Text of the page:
Tags: US | Old | Farmers | Almanac

Old Farmer's Almanac: Global Cooling to Continue

Wednesday, 08 Sep 2010 01:01 PM

 

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DUBLIN, N.H.  — Most of the country will see a colder-than-usual winter, while summer and spring will be relatively cool and dry, according to the time-honored, complex calculations of the "Old Farmer's Almanac."

The 2011 issue of the almanac, which claims to be the nation's oldest continuously published periodical, was released Tuesday. It predicts that, in the coming months, the Earth will continue to see a "gradual cooling of the atmosphere . . . offset by any warming caused by increased greenhouse gases."

The "Old Farmer's Almanac" also is forecasting a weak La Nina — a climate phenomenon marked by an unusual cooling of the sea surface in the tropical Pacific Ocean.

Janice Stillman, editor of the almanac, said that means much of the eastern half of the United States will experience lower-than-normal temperatures with less snow, while Mid-Atlantic states will see more snowfall than usual. The West will see a mild winter with average precipitation, she said.

Meanwhile, the South will experience a cold and wet summer, and the Rockies should see a mild and dry winter, according to the New Hampshire-based "Old Farmer's Almanac."

"It'll be cold. There will be no mistaking winter," Stillman said. "But it may be a little shorter or we may see some small warm spells in places like the East Coast."

The 219-year-old "Old Farmer's Almanac" and its longtime competitor, the Maine-based "Farmers' Almanac," still draw droves of fans despite the fact that this the age of the Internet and mobile phone apps. The books, which use secret formulas to predict weather based on sunspots, planetary positions and other information, are popular at farmers markets and bookstores and have maintained a fan base that sometimes spans generations of families.

Both books have a circulation of around 3.2 million and feature a mix of helpful hints, recipes, gardening tips, jokes and inspirational messages. Their websites are full of videos, blogs, podcasts, Twitter accounts and Facebook fan pages.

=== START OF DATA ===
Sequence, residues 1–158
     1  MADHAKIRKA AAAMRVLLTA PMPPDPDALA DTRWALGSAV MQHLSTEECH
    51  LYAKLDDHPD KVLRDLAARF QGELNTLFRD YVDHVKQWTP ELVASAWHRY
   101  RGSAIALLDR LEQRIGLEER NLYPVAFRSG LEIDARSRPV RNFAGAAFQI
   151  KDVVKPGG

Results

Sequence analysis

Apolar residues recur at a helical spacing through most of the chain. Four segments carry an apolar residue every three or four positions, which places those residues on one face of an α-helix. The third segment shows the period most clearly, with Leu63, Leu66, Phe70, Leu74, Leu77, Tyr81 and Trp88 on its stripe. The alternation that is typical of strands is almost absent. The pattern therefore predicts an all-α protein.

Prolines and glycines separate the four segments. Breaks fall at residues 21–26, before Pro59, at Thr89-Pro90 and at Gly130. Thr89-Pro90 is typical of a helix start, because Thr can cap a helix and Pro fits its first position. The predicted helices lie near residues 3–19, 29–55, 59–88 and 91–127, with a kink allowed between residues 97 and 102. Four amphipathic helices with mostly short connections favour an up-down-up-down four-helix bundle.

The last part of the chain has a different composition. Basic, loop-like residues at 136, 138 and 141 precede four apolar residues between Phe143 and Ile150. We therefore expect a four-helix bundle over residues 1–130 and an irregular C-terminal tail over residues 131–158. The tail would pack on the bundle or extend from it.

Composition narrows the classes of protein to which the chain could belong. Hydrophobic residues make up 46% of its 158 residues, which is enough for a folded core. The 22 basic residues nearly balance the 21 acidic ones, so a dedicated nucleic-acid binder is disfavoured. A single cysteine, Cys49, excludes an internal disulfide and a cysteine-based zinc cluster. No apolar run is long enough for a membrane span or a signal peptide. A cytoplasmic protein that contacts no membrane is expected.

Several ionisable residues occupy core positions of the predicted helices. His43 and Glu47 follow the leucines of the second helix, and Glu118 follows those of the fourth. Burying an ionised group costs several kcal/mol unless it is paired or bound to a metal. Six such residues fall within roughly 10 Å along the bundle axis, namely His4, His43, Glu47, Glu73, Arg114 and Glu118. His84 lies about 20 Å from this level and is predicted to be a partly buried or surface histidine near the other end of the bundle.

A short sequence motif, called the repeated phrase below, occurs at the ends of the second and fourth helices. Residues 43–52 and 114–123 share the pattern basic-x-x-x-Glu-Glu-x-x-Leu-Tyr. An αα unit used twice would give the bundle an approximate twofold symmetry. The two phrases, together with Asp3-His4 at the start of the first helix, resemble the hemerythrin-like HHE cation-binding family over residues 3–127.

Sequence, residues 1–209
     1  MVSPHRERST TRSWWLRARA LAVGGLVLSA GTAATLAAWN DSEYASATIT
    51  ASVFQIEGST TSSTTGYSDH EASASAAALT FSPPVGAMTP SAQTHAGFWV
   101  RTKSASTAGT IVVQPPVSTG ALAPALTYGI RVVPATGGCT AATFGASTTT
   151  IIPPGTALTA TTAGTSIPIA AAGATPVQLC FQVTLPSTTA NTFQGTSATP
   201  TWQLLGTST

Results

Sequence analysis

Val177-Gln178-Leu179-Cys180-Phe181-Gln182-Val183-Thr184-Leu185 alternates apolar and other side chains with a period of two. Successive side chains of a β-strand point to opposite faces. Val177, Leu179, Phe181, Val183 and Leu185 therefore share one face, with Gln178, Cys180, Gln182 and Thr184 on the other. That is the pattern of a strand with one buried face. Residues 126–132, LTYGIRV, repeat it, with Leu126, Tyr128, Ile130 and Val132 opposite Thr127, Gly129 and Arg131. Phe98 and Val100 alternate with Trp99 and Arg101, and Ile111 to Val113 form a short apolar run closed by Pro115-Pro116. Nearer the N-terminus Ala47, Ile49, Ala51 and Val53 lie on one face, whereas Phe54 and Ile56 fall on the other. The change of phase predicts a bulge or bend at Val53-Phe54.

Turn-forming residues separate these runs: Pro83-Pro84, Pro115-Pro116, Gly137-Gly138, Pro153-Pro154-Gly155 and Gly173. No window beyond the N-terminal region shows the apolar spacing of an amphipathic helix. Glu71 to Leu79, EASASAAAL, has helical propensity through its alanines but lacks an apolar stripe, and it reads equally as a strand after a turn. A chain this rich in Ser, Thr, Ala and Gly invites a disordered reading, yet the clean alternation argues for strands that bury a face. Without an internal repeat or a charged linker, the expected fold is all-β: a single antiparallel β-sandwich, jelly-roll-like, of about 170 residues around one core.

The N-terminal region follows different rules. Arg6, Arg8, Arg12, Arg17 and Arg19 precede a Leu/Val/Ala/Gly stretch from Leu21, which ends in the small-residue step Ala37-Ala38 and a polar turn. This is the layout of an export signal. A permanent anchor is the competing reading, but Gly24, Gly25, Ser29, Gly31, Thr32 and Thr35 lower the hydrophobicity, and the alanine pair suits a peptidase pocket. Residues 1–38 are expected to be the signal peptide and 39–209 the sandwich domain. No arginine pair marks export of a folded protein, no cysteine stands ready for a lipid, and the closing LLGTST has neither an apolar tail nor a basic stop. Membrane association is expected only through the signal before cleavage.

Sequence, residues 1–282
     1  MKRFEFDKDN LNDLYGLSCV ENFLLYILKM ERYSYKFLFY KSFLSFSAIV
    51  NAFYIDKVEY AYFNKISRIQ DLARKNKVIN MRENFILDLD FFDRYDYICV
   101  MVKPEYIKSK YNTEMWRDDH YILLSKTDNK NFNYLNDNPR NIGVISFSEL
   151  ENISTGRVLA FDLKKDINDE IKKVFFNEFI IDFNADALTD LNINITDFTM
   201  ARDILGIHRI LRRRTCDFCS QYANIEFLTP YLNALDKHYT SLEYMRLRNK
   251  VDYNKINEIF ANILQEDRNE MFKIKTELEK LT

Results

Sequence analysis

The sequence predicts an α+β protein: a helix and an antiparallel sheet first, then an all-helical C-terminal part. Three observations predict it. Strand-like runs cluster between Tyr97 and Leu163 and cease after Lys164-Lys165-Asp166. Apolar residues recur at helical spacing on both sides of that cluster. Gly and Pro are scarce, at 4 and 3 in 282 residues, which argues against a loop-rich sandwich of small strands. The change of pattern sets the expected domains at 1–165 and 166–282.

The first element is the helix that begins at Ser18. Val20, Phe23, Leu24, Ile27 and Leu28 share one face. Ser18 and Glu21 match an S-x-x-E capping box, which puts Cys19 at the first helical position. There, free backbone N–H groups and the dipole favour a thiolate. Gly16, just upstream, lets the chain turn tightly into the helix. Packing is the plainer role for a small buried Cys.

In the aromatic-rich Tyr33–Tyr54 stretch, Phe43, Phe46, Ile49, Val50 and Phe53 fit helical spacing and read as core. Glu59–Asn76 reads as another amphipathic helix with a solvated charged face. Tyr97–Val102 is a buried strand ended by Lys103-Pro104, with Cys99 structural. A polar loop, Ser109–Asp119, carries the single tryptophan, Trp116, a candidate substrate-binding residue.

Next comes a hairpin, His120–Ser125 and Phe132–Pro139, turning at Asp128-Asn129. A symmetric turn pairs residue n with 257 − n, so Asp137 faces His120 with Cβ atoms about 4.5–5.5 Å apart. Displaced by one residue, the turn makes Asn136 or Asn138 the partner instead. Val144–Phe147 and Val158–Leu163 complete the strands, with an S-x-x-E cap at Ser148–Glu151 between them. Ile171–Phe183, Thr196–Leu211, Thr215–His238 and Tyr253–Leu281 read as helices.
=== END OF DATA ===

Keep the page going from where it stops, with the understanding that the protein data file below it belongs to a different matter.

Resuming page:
In general, the almanacs' weather predictions are similar. The "Farmers' Almanac" predicts that it'll be cold but nothing like last winter.

"Overall, it looks like it's going to be a kinder and gentler winter, especially in the areas that had a rough winter last year," said managing editor Sandi Duncan.

But the almanacs' forecasts are at odds with the National Weather Service's long-range outlook for the meteorological winter, which runs from December through February.

NOAA's Climate Prediction Center anticipates a warmer-than-normal winter for the mid-Atlantic and Southeast and colder-than-normal weather in the Northwest. That puts it at odds with the almanac.

Ed O'Lenic from NOAA's Climate Prediction Center said the scientific community doesn't accept tides, planetary alignment and sunspots as effective predictors of temperature or precipitation, but he stopped short of being critical of the almanac's meteorological methods.

Stillman said, however, she's confident about the weather predictions in the "Old Farmer's Almanac" because they tend to be 80 to 85 percent accurate — the same accuracy rate boasted by the Maine almanac.

The dueling almanacs have enjoyed a long, mostly friendly rivalry that dates back nearly 200 years, said Judson Hale, the semi-retired chairman and longtime pitchman for the "Old Farmer's Almanac." Any time one of the almanacs gets publicity, it helps the other, he said.

But Hale is quick to say his publication is older and has more history: "We're the one in the Smithsonian. We're the one that Abraham Lincoln used in a murder trial. We're the one George Washington read. We are THE one."

Still, Hale said, both almanacs survive because they've maintained strong relationships with their readers for generations.

"I think it's very comforting for people to see that there's a constant in this world," he said. "There's something that, although brand-new every year, isn't changing. It is the same."


© Copyright 2014 The Associated Press. All rights reserved. This material may not be published, broadcast, rewritten or redistributed.

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